There is a widely told story of Nikita Khrushchev’s ousting as the first secretary of the Communist Party more than 40 years ago. As the tale goes, just before leaving office the short-tempered, shoe-pounding leader sat down and wrote two letters to his successor along with a short note of instructions.
The note supposedly said, “To my successor: When you find yourself in a hopeless situation, open the first letter and it will save you. Later, when you again find yourself in a hopeless situation, open the second letter.”
Sure enough, his replacement, Leonard Brezhnev, soon had reason to open the first letter. It said, “Blame it all on me.” That’s what the new party leader did, and it saved his job. Later, he found himself in a similarly dire situation and supposedly grasped for Khrushchev’s second letter as he desperately looked for a solution.
He ripped open the letter and read Khrushchev’s final words of advice: “Sit down and write two letters.” It’s a story, let’s hope, President-elect Barack Obama has heard. The moral of the story is, of course, honeymoons don’t last forever and Obama’s will be over when he “owns” the economy, for better or worse.
As he is about to take office, however, most of America is willing to give him the honeymoon every president gets; but for much of Washington’s political and media insiders, the clock has already started running.
A presidential honeymoon is usually unpredictable, much like the real thing. Its length depends on the personalities involved and promises made during the campaign, the tenor of the times, and the political environment in which the new president must lead. For John F. Kennedy, the glamour of his candidacy and the drama of the Cuban missile crisis overcame the Bay of Pigs fiasco, and he enjoyed a honeymoon that continues to this day.
For Bill Clinton, the honeymoon was short-lived. By the end of May 1993, a series of political missteps had dragged his numbers down to 36 percent approval and 50 percent disapproval.
For Obama, however, Ronald Reagan’s early months and years in office may provide not only be a better analogy to current times but a cautionary tale about when a national recession becomes a president’s personal millstone. Reagan assumed the presidency with America in a severe economic crisis, dispirited by the long Iran hostage situation and threatened by a belligerent Soviet Union.
In the economic debate of the past few months, we have forgotten the grim economic legacy Reagan inherited. The inflation rate was nearly 12 percent. Today, it’s less than 2 percent. Interest rates were running at double digits with home mortgages as high as 15 percent. Today, a traditional 30-year mortgage averages around 5.5 percent.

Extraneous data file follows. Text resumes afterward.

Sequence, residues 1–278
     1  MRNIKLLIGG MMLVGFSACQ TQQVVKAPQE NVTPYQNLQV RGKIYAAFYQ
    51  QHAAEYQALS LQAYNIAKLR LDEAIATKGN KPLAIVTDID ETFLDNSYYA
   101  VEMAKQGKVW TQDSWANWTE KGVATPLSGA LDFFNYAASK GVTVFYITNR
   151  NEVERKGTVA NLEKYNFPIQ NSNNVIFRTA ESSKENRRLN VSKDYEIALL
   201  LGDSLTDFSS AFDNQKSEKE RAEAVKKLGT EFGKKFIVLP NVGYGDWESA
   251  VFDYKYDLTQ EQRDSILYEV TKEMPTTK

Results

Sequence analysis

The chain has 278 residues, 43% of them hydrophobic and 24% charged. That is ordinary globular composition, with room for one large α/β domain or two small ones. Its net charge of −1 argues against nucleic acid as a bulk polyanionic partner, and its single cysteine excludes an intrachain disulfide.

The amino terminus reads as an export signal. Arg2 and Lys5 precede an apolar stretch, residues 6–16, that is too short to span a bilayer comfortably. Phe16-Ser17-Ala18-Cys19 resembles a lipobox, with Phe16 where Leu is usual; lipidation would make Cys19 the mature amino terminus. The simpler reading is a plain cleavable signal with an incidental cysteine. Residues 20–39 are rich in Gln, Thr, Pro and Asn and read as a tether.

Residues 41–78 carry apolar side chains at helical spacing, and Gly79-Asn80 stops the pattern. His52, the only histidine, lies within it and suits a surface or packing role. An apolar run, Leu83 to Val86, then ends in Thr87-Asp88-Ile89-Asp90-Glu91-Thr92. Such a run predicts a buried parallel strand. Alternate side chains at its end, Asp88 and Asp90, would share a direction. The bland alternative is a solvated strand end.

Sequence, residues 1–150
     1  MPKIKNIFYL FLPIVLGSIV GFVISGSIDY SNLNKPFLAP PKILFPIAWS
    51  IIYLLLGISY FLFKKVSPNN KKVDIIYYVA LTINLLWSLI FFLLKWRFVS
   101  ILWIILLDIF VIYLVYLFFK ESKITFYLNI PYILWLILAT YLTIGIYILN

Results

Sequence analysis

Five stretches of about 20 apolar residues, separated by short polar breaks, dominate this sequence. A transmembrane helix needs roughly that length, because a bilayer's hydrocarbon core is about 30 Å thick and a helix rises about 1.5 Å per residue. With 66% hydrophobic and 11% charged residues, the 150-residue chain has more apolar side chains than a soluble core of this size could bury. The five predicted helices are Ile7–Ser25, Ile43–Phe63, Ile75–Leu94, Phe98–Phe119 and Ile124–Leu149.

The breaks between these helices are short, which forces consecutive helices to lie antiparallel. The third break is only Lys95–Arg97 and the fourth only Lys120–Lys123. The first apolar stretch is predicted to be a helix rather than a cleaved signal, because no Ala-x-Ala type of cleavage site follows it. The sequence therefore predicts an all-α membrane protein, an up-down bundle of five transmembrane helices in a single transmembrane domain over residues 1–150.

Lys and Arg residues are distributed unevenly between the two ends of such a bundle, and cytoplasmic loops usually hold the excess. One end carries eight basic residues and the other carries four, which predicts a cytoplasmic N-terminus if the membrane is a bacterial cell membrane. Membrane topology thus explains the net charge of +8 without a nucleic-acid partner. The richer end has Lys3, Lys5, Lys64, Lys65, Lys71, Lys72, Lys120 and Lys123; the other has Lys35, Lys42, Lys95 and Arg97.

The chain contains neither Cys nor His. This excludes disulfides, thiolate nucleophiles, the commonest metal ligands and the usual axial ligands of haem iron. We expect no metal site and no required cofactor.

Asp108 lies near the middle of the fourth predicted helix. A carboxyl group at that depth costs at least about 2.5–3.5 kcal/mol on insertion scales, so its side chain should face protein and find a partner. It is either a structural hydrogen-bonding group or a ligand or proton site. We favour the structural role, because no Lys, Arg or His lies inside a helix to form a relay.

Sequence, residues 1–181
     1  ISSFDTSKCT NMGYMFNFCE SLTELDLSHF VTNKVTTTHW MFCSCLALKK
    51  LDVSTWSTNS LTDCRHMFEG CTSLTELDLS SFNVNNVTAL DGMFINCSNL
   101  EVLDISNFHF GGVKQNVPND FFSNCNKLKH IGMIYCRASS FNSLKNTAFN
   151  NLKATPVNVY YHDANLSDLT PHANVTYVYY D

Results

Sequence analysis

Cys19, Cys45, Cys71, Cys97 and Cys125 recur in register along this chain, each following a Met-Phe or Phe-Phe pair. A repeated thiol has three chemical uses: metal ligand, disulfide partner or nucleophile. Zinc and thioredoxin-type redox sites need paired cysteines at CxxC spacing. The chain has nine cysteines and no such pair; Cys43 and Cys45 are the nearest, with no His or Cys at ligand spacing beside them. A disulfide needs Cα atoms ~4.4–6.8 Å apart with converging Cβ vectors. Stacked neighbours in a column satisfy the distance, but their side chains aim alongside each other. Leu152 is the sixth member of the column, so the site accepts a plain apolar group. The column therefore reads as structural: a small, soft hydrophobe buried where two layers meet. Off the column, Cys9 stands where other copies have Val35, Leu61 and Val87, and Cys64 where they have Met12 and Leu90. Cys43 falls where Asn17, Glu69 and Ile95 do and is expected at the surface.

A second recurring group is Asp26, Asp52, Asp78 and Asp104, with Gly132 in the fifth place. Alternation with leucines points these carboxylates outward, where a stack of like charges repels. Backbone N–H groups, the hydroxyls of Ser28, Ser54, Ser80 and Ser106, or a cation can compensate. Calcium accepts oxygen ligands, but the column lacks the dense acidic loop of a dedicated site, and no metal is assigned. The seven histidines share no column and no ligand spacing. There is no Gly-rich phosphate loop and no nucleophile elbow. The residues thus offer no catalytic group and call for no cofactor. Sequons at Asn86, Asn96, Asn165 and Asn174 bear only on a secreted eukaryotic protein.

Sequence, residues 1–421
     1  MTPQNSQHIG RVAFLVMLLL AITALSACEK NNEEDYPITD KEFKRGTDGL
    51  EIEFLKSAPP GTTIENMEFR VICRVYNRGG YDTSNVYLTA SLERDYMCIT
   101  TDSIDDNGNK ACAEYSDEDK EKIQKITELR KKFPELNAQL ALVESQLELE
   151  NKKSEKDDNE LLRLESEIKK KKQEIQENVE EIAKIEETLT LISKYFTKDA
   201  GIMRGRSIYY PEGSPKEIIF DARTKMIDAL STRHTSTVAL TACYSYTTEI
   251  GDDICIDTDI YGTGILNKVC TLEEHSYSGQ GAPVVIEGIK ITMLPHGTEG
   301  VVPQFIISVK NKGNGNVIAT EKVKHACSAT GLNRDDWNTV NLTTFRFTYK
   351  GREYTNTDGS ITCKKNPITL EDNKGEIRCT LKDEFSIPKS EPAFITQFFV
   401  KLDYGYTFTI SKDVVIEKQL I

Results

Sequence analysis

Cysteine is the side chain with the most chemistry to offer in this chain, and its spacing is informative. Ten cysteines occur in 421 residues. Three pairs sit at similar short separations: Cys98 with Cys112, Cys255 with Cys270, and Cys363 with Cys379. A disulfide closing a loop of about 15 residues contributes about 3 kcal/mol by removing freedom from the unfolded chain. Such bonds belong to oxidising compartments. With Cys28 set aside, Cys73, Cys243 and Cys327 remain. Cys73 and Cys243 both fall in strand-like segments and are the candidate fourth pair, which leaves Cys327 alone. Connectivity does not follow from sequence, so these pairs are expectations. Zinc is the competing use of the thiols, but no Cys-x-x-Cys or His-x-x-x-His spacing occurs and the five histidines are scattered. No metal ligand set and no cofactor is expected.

The unemployment rate in January 1981 was at 7.5 percent, even higher than today’s 7.2 percent, and people were reeling not only from high gas prices but long lines as well. This isn’t to say that Obama isn’t inheriting a very difficult economic situation, but Reagan faced an equally daunting economic challenge.
On Jan. 20, 1981, however, people didn’t view it as Reagan’s recession. It was Jimmy Carter’s, and the American people understood that. Reagan took over the presidential reins with a job approval of 51 percent and 13 percent disapproval.
Obama will begin his presidency with high favorable ratings as well. A mid- December USA Today/Gallup poll found 75 percent of the American people approved of his handling of the transition. Rasmussen Reports put his job approval at 67/30 in its daily tracking on Monday.
He will also benefit from the fact that today, Americans blame the struggling economy on George W. Bush, but if the early years of Reagan’s presidency offer any insight on honeymoons, it is that voters are an impatient lot. For Reagan, his honeymoon faded in less than a year.
By December 1981, he had slipped to 49 approval/41 disapproval. What had been Carter’s recession just a year before was now becoming Reagan’s political albatross as his favorable ratings began a steady slide that continued throughout the year. Reagan now “owned” the economy and his political fortunes were tied to it.
When unemployment hit 10 percent in October 1982, his job approval dipped to 42/48. A month later, Republicans lost 26 seats in the House and a raft of governorships and state legislatures.
Time magazine’s post-election issue characterized voters’ mind-set this way: “The message read: reduce unemployment, bring down the deficit. The President was being told what practically all U.S. Presidents are told two years after their chiefdom is hailed: no mandate is forever. In presidential elections one votes for the sky. In off-year elections one looks at the street.”
Obama will face the same kind of assessment two years from now, but unlike Reagan, who had to work with a Democratically controlled House, voters understand that Democrats now control Washington. Obama’s policy prescription for what ails the economy appears to be roughly the same New Deal government spending approach offered by Franklin Roosevelt in his first term and by Democrats in Reagan’s.
Republicans would be wise to work with the new president by offering alternative plans and programs that will provide evidence of the stark differences that exist between the two parties’ economic policies. It’s important to remember that in 1938, years after billions of dollars had been invested in government “work” programs, the unemployment rate was more than 19 percent.
In the end, Obama and his party’s success or failure in the 2010 Congressional elections will depend on two factors: when the American people decide that this has become President Obama’s economy, and how the economy is doing at that moment. Obama can blame Bush; but as Brezhnev discovered, he can’t blame his predecessor forever.